Still Water: The Deep Life of the PondStill Water: The Deep Life of the Pond
by John Lewis-Stempel
Rating: ★★
isbn: 9780857524577
Publication Date: March 14, 2019
Pages: 289
Genre: Natural Science, Non-fiction, Science
Publisher: Doubleday

The Pond. Nothing in the countryside is more humble or more valuable. It's the moorhen's reedy home, the frog's ancient breeding place, the kill zone of the beautiful dragonfly. More than a hundred rare and threatened fauna and flora depend on it.

Written in gorgeous prose, Still Water tells the seasonal story of the wild animals and plants that live in and around the pond, from the mayfly larvae in the mud to the patrolling bats in the night sky above. It reflects an era before the water was polluted with chemicals and the land built on for housing, a time when ponds shone everywhere like eyes in the land, sustaining life for all, from fish to carthorse.

Still Water is a loving biography of the pond, and an alarm call on behalf of this precious but overlooked habitat. Above all, John Lewis-Stempel takes us on a remarkable journey - deep, deep down into the nature of still water.


Straight up this book was not at all what I was expecting.  The title implies a close analysis of pond life; the pull quote at the bottom reinforces this expectation.

Instead, this is a philosophical naval-gaze / memoir / diary.  Disappointing, given that I was in the mood for a discussion of bugs, amphibians, fish … maybe some algae for color.  But I’ve also enjoyed other books similar to this (A Farmer’s Diary comes immediately to mind) so I shifted my expectations and persevered.  Unfortunately, even with shifted expectations I could not get past “Winter”; the writing was just a bit too meta and the prose was trying too hard to be poetic.  One season in – about 25% of the book – and I still really wasn’t sure what he was trying to accomplish.

I gave it two stars because it was technically well written, the cover is gorgeous, and it might just be me.

A Pelican at Blandings

A Pelican At BlandingsA Pelican At Blandings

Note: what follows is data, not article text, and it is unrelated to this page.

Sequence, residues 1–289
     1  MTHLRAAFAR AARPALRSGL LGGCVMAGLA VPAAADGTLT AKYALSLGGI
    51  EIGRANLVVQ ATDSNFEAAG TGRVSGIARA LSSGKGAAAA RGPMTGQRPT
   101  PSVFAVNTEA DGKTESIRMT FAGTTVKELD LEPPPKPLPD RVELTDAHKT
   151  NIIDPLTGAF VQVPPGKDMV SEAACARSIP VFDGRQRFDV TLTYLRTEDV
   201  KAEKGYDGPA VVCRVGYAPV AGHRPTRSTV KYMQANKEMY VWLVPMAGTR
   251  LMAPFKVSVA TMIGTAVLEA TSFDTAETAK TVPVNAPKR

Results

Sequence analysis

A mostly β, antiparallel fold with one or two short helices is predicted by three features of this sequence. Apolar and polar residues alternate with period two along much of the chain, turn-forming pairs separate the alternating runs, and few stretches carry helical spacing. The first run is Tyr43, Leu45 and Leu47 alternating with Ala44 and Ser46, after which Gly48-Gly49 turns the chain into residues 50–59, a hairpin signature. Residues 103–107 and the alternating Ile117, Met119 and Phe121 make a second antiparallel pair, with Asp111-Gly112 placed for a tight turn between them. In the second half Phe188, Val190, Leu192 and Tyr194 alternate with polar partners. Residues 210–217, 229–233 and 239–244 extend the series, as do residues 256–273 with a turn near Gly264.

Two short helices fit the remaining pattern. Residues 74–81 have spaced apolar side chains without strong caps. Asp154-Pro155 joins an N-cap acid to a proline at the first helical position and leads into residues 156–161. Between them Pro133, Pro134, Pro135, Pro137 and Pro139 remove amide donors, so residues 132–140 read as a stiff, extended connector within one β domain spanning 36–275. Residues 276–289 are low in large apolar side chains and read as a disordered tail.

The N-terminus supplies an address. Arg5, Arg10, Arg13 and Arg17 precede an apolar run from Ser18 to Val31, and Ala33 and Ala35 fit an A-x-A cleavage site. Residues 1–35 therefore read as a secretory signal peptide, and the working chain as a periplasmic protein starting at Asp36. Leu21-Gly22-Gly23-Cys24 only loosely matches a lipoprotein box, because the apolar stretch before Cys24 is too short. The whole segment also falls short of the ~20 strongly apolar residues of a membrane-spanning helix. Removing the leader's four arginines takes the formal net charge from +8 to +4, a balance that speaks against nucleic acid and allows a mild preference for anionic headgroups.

by P.G. Wodehouse
Rating: ★★★½
isbn: 9780099514022
Publication Date: August 7, 2008
Pages: 249
Genre: Fiction
Publisher: Arrow Books

Unwelcome guests are descending on Blandings Castle uaparticularly the overbearing Duke of Dunstable, who settles in the Garden Suite with no intention of leaving, and Lady Constance, Lord Emsworth's sister and a lady of firm disposition, who arrives unexpectedly from New York.

Skulduggery is also afoot involving the sale of a modern nude painting (mistaken by Lord Emsworth for a pig). It's enough to take the noble earl on the short journey to the end of his wits. Luckily Clarence's brother Galahad Threepwood, cheery survivor of the raffish Pelican Club, is on hand to set things right, restore sundered lovers and even solve all the mysteries.


Who doesn’t like Wodehouse?  It’s situational and narrative humor at its best.  But you really have to be in the mood for it, and even then, I’ll go so far as to say Wodehouse is best consumed in short story form.  It’s hard enough to sustain the humor for a novel length book at Wodehouse’s madcap pace, but it’s been harder to sustain the laughs.  After a few chapters a reader can become inured to the comedy, and start to feel a bit numb, especially when character development is necessarily thin-to-non-existent, and the plotting not much more complex than the characters.  This isn’t a criticism; humor succeeds where both are pushed to the background.